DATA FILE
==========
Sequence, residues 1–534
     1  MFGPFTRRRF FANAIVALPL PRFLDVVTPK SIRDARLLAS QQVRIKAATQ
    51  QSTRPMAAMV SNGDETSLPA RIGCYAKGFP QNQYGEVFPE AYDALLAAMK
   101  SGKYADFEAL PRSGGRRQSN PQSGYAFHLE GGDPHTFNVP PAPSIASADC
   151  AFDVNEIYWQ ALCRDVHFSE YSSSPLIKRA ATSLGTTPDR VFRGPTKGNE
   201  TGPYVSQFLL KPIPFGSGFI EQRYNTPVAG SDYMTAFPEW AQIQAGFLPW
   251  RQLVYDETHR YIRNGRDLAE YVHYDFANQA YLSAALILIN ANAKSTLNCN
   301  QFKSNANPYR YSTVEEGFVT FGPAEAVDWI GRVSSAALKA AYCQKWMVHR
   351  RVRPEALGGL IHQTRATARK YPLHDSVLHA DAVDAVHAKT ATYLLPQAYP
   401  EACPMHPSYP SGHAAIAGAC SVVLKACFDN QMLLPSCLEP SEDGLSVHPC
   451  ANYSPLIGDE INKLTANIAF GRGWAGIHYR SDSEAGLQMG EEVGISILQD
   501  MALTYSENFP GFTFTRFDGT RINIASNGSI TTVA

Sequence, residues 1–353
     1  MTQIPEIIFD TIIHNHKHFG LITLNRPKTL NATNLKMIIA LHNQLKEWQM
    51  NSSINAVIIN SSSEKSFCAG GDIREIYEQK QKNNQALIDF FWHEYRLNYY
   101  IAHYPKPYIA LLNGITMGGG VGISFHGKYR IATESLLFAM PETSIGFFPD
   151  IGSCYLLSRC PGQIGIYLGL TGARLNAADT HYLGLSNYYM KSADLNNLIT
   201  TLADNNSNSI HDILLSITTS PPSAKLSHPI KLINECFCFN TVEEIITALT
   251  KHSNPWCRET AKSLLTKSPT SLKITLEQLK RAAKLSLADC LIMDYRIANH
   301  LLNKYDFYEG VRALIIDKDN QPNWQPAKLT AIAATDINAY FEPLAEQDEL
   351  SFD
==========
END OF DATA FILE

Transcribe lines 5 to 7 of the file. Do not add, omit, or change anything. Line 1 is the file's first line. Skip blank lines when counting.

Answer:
   151  AFDVNEIYWQ ALCRDVHFSE YSSSPLIKRA ATSLGTTPDR VFRGPTKGNE
   201  TGPYVSQFLL KPIPFGSGFI EQRYNTPVAG SDYMTAFPEW AQIQAGFLPW
   251  RQLVYDETHR YIRNGRDLAE YVHYDFANQA YLSAALILIN ANAKSTLNCN